# Catching and counting photons

Title: Number-Resolved Photocounter for Propagating Microwave Mode

Authors: Rémy Dassonneville, Réouven Assouly, Théau Peronnin, Pierre Rouchon, Benjamin Huard

Institution: Univ Lyon, ENS de Lyon, Univ Claude Bernard, CNRS, Laboratoire de Physique, F-69342 Lyon, France

Manuscript: Published in Physical Review Applied [1], Open Access on arXiv

Introduction

Quantum technologies, based on superconducting circuits and microwave photons, are rapidly developing. At the heart of these devices are superconducting qubits, highly customizable and capable of strong interactions with microwave photons [2]. This basic building block enables everything from multi-qubit quantum processors to state of the art sensors. One capability missing from the toolkit of superconducting qubits is the ability to detect propagating photons, which can be used to send quantum information over long distances. Developing a method to resolve the number of photons contained in a wavepacket traveling down a transmission line could unlock the ability to construct quantum networks, entangle remote qubits, and build quantum sensors.

The strong interactions between qubits and photons make qubits an ideal device for photon detection. In a stationary mode, the photons can be held for a long time, allowing a qubit to distinguish between 0, 1, 2, … photons [3]. However, a propagating wavepacket travels so quickly that the qubit only has enough time to determine if there are an even or odd number of photons. In this work, the authors devise a scheme to catch an arbitrary signal propagating down a microwave transmission line and efficiently count the number of photons in the wavepacket [1]. I first describe the device and its components used to make this possible. Next, I go through the catch protocol, useful for holding a wavepacket for long enough to be measured. I break down the photon counting measurement that resolves $N$ photons in only $\log_2{N}$ measurements. Finally, I discuss the potential applications of the device and protocol developed in this work.

Device

The device consists a series of carefully designed microwave components as shown in Figure 1. A propagating wavepacket first encounters a buffer cavity, a superconducting $LC$ circuit that can hold photons with frequency matched to the resonance of the cavity $\omega = 1/\sqrt{LC}$. The buffer cavity is strongly coupled to the transmission line in order to capture the traveling wavepacket and temporarily hold it, making it a stationary mode. Resolving the number of photons in the signal requires enough time to make the measurements, however the strong coupling between the transmission line and buffer cavity, used to capture the wavepacket, results in the signal quickly leaking out of the stationary mode and back into the propagating line. To ensure there is enough time to measure the photon number, the state is swapped into a long lived memory cavity that can store the signal while it is being read out. This is done using a Josephson ring modulator (JRM), which swaps the states of the buffer and memory cavities. Once the state has been transferred into the memory, a qubit and readout system can be used to determine the number of photons present. After measuring the state, the JRM swaps the state back into the buffer where is it quickly emitted into the transmission line. This resets the system and allows for the next operation to proceed.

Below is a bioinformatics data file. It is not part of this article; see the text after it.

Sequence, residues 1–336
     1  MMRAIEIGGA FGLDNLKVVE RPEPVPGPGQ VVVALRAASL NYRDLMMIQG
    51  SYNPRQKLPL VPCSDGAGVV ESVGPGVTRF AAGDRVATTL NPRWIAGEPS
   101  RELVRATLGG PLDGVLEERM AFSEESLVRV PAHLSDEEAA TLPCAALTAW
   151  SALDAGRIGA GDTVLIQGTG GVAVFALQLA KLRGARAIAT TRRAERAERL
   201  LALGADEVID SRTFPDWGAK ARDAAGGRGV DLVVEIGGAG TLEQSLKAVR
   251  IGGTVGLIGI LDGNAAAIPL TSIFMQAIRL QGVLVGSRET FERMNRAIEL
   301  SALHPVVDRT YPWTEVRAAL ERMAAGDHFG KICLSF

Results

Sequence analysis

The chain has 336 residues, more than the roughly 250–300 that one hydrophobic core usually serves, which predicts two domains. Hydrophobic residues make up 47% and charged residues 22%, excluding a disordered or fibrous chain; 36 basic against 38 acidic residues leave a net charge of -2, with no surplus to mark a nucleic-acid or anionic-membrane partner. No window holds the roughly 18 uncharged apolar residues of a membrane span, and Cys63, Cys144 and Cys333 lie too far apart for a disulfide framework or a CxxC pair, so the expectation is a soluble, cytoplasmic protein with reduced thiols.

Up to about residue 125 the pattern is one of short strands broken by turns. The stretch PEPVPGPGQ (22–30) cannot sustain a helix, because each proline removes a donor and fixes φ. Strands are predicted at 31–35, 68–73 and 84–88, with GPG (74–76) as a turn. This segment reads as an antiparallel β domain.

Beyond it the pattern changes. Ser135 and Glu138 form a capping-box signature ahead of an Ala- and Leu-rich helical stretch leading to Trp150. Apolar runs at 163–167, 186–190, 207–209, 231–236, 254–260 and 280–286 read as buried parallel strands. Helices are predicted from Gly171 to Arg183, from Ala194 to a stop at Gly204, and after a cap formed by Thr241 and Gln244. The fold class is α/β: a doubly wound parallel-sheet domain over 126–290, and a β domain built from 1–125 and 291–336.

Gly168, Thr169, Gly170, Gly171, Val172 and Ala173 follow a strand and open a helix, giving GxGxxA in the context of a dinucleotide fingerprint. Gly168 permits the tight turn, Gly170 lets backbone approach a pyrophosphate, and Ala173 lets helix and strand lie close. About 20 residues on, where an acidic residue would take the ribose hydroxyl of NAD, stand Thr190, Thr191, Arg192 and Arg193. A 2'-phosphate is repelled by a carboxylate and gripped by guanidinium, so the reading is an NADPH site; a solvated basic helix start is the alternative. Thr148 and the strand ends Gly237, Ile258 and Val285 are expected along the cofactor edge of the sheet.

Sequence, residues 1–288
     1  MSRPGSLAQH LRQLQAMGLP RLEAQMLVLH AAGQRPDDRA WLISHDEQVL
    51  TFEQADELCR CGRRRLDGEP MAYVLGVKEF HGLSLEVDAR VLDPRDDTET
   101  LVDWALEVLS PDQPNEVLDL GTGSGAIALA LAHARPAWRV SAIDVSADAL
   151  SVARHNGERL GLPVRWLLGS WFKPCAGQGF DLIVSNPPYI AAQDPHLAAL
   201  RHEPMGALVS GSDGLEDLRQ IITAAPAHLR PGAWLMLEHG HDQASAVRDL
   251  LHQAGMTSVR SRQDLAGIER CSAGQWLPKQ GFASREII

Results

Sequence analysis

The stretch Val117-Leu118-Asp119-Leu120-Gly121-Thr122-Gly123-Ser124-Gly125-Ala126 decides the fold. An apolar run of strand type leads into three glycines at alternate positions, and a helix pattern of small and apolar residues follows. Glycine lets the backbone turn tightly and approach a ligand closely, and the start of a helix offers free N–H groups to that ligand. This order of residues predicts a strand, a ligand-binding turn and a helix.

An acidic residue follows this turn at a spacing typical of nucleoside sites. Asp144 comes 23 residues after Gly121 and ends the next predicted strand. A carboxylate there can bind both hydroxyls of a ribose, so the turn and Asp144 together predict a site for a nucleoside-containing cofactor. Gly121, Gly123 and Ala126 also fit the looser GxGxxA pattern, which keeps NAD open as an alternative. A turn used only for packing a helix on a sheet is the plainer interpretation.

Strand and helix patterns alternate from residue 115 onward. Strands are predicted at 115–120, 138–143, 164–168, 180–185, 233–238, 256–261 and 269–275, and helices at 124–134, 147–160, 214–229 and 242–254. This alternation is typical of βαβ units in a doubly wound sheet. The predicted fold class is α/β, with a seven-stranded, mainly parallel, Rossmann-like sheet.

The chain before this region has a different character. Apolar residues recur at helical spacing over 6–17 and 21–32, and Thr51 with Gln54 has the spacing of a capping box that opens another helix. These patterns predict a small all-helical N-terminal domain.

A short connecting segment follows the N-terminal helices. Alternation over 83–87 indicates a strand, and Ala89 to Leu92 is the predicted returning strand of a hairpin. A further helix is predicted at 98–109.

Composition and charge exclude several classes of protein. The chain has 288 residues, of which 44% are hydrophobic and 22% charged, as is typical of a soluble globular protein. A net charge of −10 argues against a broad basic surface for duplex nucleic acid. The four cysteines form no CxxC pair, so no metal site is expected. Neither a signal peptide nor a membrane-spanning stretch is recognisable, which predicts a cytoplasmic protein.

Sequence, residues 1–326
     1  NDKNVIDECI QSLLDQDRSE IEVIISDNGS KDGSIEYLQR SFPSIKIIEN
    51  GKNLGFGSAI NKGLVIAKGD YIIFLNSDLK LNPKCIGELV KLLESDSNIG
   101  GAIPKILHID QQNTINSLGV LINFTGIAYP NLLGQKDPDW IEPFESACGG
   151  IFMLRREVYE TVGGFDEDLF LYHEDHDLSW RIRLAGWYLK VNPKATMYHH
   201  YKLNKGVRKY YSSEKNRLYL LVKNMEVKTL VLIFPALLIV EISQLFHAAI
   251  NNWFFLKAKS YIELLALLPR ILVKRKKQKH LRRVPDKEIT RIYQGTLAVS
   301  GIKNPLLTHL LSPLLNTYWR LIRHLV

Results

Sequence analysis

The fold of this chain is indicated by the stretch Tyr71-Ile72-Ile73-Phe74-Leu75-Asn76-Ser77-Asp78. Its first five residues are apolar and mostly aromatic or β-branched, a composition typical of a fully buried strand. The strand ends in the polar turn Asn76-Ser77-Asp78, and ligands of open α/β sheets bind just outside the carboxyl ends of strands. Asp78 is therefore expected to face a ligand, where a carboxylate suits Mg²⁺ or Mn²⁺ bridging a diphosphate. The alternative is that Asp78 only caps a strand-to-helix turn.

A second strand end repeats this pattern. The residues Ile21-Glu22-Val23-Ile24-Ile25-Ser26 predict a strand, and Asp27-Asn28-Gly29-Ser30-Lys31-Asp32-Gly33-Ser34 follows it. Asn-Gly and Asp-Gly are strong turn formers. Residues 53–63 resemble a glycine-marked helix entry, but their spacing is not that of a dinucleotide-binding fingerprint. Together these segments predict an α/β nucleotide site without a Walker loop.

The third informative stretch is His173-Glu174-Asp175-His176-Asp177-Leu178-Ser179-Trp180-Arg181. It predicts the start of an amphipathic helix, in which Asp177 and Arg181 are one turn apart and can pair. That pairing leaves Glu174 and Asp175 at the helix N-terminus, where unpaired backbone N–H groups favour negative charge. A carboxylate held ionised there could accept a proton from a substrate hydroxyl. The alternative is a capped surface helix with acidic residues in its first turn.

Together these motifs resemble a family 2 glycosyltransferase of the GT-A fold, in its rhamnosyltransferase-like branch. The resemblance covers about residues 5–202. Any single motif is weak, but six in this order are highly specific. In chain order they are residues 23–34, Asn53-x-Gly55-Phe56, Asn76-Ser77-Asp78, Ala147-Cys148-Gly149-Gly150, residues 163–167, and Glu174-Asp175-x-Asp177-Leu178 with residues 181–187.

Catching Photons

A Josephson ring modulator (JRM) is a device used to swap the states of two cavity modes. In this work, it is used to transfer the wavepacket captured in the leaky buffer cavity into the long lived memory cavity. The JRM is pumped at the frequency corresponding to the difference between the buffer (resonant frequency $\omega_b/2\pi = 10.220$ GHz) and memory ($\omega_m/2\pi = 3.745$ GHz) cavities frequencies. This provides the energy required to transfer a state from the buffer to the memory cavity. The pump enables a beam splitter interaction between the buffer and memory, described by the Hamiltonian shown in Equation 1.

$\mathcal{H}_{bs} = g p(t) b m^{\dagger} + h.c.$ (Equation 1)

$g$ is the strength of the pump, $p(t)$ is the pulse shape of the pump, $b$ is the annihilation operator of the buffer mode, and $m^{\dagger}$ is the creation operator for the memory mode. When the pump is on, the state present in the buffer mode is swapped into the memory at a rate $g$. For example, if we start with 1 photon in the buffer cavity and 0 photons in the memory, after a time $t=\pi/g$, the buffer will contain 0 photons and the memory will have 1 photon. The authors use this interaction to move the wavepacket from the buffer cavity to the memory for measurement. This process can also be used in reverse; a photon contained in the memory cavity can be transferred into the buffer by applying the same pump. The authors use this interaction to reset the device by emptying out the memory cavity. The pump is turned on to swap the memory state into the buffer, where the wavepacket quickly escapes into the transmission line.

Counting Photons

Once the wavepacket is successfully transferred into the long lived memory cavity, the qubit and readout are used to count the number of photons present. The authors make a series of measurements to resolve the photon number of the wavepacket. Each measurement involves allowing the qubit and memory cavity states to interact for a carefully chosen amount of time. At the end of each measurement the qubit state (ground, g or excited, e) is read out and recorded. The authors devise protocol that requires making the minimal number of measurements: resolving up to $N$ photon with only $\log_2{N}$ qubit measurements. The measurements are designed such that the series of recorded qubit states represent a binary decomposition of the photon number. The binary decomposition is a way to represent any integer as a sum of powers of 2. An integer is represented as a series of bits (which take the value 0 or 1), where the $k^{\mathrm{th}}$ bit determines if $2^k$ is included in that sum. For example, $13 = 1(2^0) + 0(2^1) + 1(2^2) + 1(2^3)$, so for 13, bit 0 = 1, bit 1 = 1, bit 2 = 1, and bit 3 = 1. Here, the qubit state after each measurement (either g or e) represents the value of the bit being measured (which can be either 0 or 1). Each photon number is then identified as a unique series of g’s and e’s (or 0’s and 1’s). In this work, the authors measure wavepackets that contain up to 3 photons, using two measurements to distinguish between 0, 1, 2, and 3 photons as shown in Table 1.

Binary decomposition measurement protocol

The measurement harnesses the interaction between the qubit and memory cavity a described by the Hamiltonian in Equation 2. The memory creation and annihilation operators are represented as $m^{\dagger}$ and $m$. The qubit ground and excited states are $\left|g\right\rangle$ and $\left|e\right\rangle$.

$\mathcal{H}_{qm} = -\chi m^{\dagger}m \left|e\right\rangle \left\langle e \right|$ (Equation 2)